3 min read

Thursday Bolts: 1.31.19

Matt Moore (Action Network) sat down with Paul George to discuss defense, his career, and what it means to be most valuable: “OKC is stacked with great defensive players: Long, athletic guys who can challenge on the perimeter and attack opponents at the rim to protect it. Yet the defense is still noticeably better with George on the court, as he’s having by far the greatest impact of any rotation player. Not only that, but the Thunder generate a better assist rate, a better rebound rate, a lower turnover rate, and a higher shooting percentage with George on the floor. Again, literally everything is better. “I was taught you have to do a little bit of everything,” George says in our exclusive interview.”

Erik Horne (Oklahoman) on what’s next for Alex Abrines after his return to action: “In the 17 games Abrines missed, Abdel Nader seized an opportunity in the Thunder rotation. Nader averaged 6.1 points and 2.2 rebounds in 14.3 minutes per game, shooting 42.4 percent (15-of-36) from 3-point range and showcasing the ability to attack the rim. Abrines also wasn’t shooting particularly well before his absence – just 32.3 percent (40-of-124) from 3. The threat of his perimeter shooting, however, is valuable to a Thunder team which still ranks 21st in the NBA in 3-point field goal percentage (34.5) even after a scorching January (40.4 percent, fourth in the NBA). Aside from Nader cementing himself in the rotation, Abrines’ immediate role may depend on his conditioning and how quickly Terrance Ferguson returns to the lineup after missing Tuesday’s game due to back spasms. With the Thunder’s next game not until Friday in Miami, it has time to get Abrines additional conditioning and Ferguson extra treatment.”

Grant Hughes (B/R) on the Thunder’s best-case scenario at the trade deadline: “The Thunder already have the league’s highest luxury-tax bill, so adding meaningful pieces via trade would be complicated and costly. A notch short of serious title contention, OKC can’t justify upping its payroll by much (if at all). Instead, they’ll have to hope Alex Abrines, Andre Roberson and Patrick Patterson return to the lineup, suffer no further health-related setbacks and sustain recent signs of life, respectively. Both Abrines and Patterson are career 36.8 percent three-point shooters. If both of those guys can convert at their average rates going forward, the Thunder won’t need to look elsewhere for shooting help. And shooting is a need, as Oklahoma City currently ranks 21st league wide from distance. Meanwhile, whenever Roberson gets back on the floor, one of the league’s best defenses should become even better. OKC isn’t poised to make a major deal, so it must hope the guys already on the roster can boost their contributions.”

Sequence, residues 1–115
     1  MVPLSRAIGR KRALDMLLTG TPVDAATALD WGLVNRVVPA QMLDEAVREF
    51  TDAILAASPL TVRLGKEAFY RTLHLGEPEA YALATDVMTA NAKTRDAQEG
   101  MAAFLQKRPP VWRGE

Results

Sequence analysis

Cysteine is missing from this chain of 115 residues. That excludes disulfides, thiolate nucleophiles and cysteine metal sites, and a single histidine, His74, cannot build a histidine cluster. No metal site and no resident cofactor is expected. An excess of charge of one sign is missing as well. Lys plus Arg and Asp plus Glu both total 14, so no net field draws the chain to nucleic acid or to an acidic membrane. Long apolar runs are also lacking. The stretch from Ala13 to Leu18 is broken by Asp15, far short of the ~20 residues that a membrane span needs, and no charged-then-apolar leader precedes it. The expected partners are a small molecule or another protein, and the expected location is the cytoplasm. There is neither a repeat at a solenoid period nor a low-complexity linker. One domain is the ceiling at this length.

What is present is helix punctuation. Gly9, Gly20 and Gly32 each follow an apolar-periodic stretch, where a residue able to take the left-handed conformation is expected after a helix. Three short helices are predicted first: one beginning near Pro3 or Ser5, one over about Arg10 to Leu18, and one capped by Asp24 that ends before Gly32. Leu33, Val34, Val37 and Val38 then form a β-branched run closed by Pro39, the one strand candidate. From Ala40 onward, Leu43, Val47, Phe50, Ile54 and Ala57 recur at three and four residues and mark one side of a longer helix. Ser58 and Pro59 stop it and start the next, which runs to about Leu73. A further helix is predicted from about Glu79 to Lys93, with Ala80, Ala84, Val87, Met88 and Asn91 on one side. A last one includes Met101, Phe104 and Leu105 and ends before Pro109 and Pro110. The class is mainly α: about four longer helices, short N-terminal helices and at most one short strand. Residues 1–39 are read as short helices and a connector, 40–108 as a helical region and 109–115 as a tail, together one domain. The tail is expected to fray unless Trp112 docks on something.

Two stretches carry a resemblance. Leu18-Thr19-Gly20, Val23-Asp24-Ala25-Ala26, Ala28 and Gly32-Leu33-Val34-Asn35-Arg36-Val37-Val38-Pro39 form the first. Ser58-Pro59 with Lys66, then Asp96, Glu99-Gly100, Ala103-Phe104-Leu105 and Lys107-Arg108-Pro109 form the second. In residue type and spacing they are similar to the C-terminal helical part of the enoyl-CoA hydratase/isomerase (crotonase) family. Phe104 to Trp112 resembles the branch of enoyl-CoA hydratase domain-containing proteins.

Bryan Kalbrosky (HoopsHype) on Paul George’s place among the NBA’s top clutch scorers: “George has scored 84 points during clutch minutes, which ranks No. 7 overall in the NBA this season. The only players who have scored more thus far are James Harden, Kemba Walker, Kyrie Irving, Kawhi Leonard, Blake Griffin and Mike Conley. For comparison, he ranked No. 24 overall during his first season with the Oklahoma City Thunder. In his final season with the Indiana Pacers, he was No. 12 overall. And in the season before that, only two players (Reggie Jackson and Kevin Durant) scored more “clutch” points than he did. So while George did struggle with go-ahead shots specifically earlier in his career, he has typically performed well down the stretch in close games.”

Zach Kram (Ringer) on the Thunder’s lengthy trade roots: “The 1977 draft was the first for four new NBA teams that had just arrived in the ABA merger. That’s how long ago this tree began. Bill Russell left his post as the Seattle SuperSonics’ coach and GM just a month before the team took Sikma eighth overall in the draft, and three full decades would pass between Sikma’s selection and the Sonics’ move to Oklahoma City. And that’s just the start of this captivating tree. Sikma was a seven-time All-Star. Payton’s a Hall of Famer. Allen’s a Hall of Famer. Anthony will be a Hall of Famer one day, too (though surely not for his play with the Thunder). The Thunder have played in Oklahoma City for only a decade now, giving them the shortest geographical roots of any NBA team. But they have the longest trade roots of any team by a margin of nearly a decade—which of course extend to Seattle in the end.”

Tyler Conway (B/R) on Kendrick Perkins agreeing to a BIG3 contract: “The BIG3 is getting one of this generation’s biggest enforcers: Former NBA center Kendrick Perkins announced his intention to enter the player pool for the 2019 BIG3 season Wednesday. Perkins, 34, last played for the Cleveland Cavaliers during the 2017-18 season. He appeared in only one game after being out of basketball in 2016-17. The Cavs waived Perkins in July, and he’s gone unsigned as we near the All-Star break. Perkins played 14 seasons in the NBA with the Boston Celtics, Oklahoma City Thunder, New Orleans Pelicans and Cavaliers. Unless he makes an unlikely comeback, he’ll finish with career averages of 5.4 points and 5.8 rebounds per game. He won the 2008 NBA championship with the Celtics.”